Small and medium-sized enterprises (SMEs) are the backbone of most global economies. Although the exact parameters vary by country, SMEs are non-subsidiary, independent firms, which employ fewer than a given number of employees. Under the EU definition, an SME is considered as an enterprise with up to 250 employees and turnover of no more than €50m or a total balance sheet of no more than €43m. The World Bank, the United Nations, and the World Trade Organisation all have varying definitions of SMEs.
Here in Oman the Ministry of Commerce and Industry defines a small enterprise as one that has between one and nine employees, while a medium enterprise employs between 10 and 99 workers. It is estimated that at least 90% of business organisations in Oman would fall under this SME definition. While more than 40% of the sultanate’s SMEs are in the retail sector, small businesses have also established a significant presence in construction and contracting.
So why do we think SMEs are important and how can we help nurture their development? Our government is preoccupied with a number of interconnected goals, namely the promotion of SMEs and entrepreneurship among young Omanis, job creation, Omanisation and economic growth. The promotion of SMEs is regarded as likely to have a positive result on the other areas of concern. The private sector must be the key driver and engine for growth, specifically through dynamic SMEs, while government focus needs to be on creating the framework and environment conducive to growth.
Under the wise leadership and directives of His Majesty Sultan Qaboos bin Said Al Said, a number of initiatives have been established by the government to promote and encourage SMEs. The Oman Development Bank provides SMEs with term loans for the promotion of economic activities in the country including: educational, health, agriculture, fisheries, industrial projects and professional loans.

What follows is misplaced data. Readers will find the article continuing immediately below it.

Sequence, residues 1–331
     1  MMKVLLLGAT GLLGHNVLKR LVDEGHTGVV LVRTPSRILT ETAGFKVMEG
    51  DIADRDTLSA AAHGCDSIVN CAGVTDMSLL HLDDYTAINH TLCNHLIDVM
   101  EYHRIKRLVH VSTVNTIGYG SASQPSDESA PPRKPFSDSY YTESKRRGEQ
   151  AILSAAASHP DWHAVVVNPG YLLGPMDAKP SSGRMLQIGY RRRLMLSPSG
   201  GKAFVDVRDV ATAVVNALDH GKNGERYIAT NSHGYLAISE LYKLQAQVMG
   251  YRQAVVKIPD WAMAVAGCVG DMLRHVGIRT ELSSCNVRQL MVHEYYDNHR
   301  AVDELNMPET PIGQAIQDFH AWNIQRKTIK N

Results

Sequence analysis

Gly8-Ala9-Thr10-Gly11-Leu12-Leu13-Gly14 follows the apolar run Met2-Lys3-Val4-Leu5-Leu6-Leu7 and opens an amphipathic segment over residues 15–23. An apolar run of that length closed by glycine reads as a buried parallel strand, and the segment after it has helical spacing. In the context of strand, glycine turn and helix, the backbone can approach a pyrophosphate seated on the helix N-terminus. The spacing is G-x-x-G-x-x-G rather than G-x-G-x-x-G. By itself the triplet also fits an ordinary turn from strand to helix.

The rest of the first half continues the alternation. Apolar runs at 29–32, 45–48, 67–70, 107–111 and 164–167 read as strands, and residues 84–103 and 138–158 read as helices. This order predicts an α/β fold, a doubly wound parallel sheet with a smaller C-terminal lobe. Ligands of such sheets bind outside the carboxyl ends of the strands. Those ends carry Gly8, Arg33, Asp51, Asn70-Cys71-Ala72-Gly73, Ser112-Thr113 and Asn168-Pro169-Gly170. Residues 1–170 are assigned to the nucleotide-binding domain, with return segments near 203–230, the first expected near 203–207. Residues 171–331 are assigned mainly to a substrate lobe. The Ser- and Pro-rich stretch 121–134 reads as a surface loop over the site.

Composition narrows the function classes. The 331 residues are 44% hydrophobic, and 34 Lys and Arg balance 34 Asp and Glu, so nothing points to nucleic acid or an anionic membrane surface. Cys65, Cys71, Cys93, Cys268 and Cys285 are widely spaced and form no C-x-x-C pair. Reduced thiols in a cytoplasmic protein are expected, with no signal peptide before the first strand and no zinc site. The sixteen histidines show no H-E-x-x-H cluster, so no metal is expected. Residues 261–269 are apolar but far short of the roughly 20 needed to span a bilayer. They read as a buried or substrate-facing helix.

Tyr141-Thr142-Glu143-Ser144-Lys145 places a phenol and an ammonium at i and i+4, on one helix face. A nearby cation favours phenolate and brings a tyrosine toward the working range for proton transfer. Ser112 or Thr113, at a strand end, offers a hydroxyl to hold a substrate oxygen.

Sharakah Fund provides capital for new projects by young Omanis and helps equip them with technical assistance and managerial support. The Knowledge Mine (TKM) business incubator has been created by the Public Establishment for Industrial Estates to provide training and consulting to Omani entrepreneurs who want to start their own technology-oriented SMEs.
TKM is located at Knowledge Oasis Muscat in order to facilitate greater networking opportunities.
SANAD is another programme which provides aide to young men and women between the ages of 18 to 40 through start-up loans of up to OR5,000 (US$13,030).
Finally, the Intilaaqah Enterprise Fund is a $10 million fund that was established by Shell in 2005 and acts as a revolving fund dedicated to SME development.
The directorate-general for the development of SMEs (DG-SME) acts as a much needed support framework for the sector. The DG works with local stakeholders and international agencies concerned with creating a strategy for SME sector development in Oman. Studies are also being conducted with the World Bank regarding SME development in the sultanate and bringing awareness about the support services available.
The DG-SME has also made a compendium that provides detailed information on the various programmes and services offered by different government and private sector agencies, including the funding options available from the major financial institutions. Finally, the DG-SME organises seminars anchored by national and international speakers, and conducts an SME conference and exhibition that focuses on different themes and success stories in Oman.
Despite the many initiatives designed to promote and support SMEs, there are still many challenges that inhibit growth. These predominantly result from a lack of experienced and capable management; poor profitability leading to defaults; heavy borrowing; and issues obtaining appropriate guarantees. These challenges are being addressed, but more still needs to be done.
Young entrepreneurs need more training and mentoring from professional organisations and experienced business people to guide them on the road to success.
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